One fine day a remote user contacts me with the usual e-mail stating that she "Can't connect." Subsequent e-mails resulted in my learning that indeed it was that the TS license had expired. ("Oh, yes. I did get the warning. But I didn't understand it.")

"Just run REGEDIT and... Click the start button. Click run. Enter R E G ..."

"But this is so difficult!" she moaned. "I can't do this!" she groaned. "Fine," I say. "I'll send you a file to do it for you." ** So I e-mail her a file which, when she "double-clicks" it, will delete the registry key. Of course, the route is through AOL. Turns out, AOL does not know what to do with a file name that ends in ".reg" ***

"So, just save the file... I mean attachment, and double click it," I say, on the phone now for she could not understand the e-mail. "Okay. I think I saved it. Now what to I do?" And it got worse. She could not find and ".reg" file. (Slapping forehead... grumble about hide extensions...) "Oh. Let me try and explain about file extensions. You see, Microsoft... [snip] So look for a file with an icon of little blue-green squares..." Very confused now (both of us), I had her search for the base filename. Eventually she found something with a "MIM" extension she said. "MIM?" I asked? "Yes, M-I-M." **** Totally confused now (and frustrated). I decided to try something else.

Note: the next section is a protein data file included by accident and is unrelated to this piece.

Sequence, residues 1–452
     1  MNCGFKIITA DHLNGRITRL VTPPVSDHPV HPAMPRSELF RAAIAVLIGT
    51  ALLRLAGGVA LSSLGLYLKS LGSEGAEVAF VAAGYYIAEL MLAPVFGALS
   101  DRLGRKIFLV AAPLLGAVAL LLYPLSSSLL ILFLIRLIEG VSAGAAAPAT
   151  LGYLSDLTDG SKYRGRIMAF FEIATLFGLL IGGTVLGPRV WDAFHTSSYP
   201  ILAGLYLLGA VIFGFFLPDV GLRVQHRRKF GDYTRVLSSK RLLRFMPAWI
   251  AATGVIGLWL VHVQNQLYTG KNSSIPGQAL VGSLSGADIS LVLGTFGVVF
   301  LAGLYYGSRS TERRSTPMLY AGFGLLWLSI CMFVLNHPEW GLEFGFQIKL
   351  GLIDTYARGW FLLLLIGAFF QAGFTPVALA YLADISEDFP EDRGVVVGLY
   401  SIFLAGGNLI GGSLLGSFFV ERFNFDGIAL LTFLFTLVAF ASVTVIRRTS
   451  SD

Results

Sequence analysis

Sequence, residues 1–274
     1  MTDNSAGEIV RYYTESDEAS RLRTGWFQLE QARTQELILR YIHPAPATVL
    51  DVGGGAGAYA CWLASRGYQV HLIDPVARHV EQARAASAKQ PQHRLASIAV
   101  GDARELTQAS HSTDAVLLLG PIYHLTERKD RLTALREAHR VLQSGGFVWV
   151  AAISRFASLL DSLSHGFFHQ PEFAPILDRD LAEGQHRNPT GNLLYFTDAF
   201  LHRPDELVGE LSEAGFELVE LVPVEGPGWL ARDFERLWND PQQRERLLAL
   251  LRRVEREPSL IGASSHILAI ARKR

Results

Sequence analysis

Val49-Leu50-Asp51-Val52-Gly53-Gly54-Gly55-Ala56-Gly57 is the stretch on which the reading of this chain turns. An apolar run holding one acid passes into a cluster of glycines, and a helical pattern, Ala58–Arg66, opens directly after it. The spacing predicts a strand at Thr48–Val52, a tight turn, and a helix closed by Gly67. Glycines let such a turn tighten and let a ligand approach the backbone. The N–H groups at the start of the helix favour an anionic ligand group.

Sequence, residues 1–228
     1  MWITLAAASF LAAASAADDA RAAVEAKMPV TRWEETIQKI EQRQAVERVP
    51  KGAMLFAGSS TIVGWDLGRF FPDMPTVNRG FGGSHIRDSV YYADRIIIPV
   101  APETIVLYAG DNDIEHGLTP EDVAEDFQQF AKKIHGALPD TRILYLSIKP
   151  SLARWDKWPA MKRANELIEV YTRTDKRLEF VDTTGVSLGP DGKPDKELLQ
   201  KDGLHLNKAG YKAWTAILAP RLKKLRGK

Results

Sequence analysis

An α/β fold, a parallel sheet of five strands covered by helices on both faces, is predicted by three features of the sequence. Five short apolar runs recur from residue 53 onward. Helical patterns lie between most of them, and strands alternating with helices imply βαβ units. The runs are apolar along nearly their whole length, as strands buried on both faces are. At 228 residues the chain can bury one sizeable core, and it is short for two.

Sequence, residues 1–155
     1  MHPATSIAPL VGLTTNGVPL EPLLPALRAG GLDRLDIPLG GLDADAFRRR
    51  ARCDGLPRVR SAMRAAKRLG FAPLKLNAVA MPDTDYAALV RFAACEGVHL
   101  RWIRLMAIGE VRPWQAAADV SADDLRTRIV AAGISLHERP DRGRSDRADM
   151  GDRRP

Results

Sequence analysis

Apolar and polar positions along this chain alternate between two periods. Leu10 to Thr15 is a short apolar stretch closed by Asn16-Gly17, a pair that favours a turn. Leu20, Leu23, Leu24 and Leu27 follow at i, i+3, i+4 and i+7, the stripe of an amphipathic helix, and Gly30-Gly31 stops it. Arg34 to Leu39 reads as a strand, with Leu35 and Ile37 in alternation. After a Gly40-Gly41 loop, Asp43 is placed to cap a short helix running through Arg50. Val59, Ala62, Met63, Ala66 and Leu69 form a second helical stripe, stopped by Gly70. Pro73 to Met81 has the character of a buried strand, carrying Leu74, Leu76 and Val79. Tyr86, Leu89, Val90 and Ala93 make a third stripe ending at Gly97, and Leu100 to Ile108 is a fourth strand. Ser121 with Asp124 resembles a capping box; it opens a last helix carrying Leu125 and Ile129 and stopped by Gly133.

I then created a HTML page with a link to the REG file and put them both on a website. I sent her the link to that page (not wanting AOL anywhere near it) I told her to open the address in Internet Explorer -- which she did. She clicks on the link to the file and she says something odd about just seeing "M Store". (Turns out that for .REG files, Internet Explorer does not offer to save but simply views them; "M store" was her referring to some of the file's content.)

Getting her to right-click to save -- and making sure she notes where the file was saved -- she finally got to double-click on the file. "Click yes and then finish," I say.

That she was really happy when she got the remote access to work did not satisfy me in any way -- I know that I will have to repeat this process in about 90 days.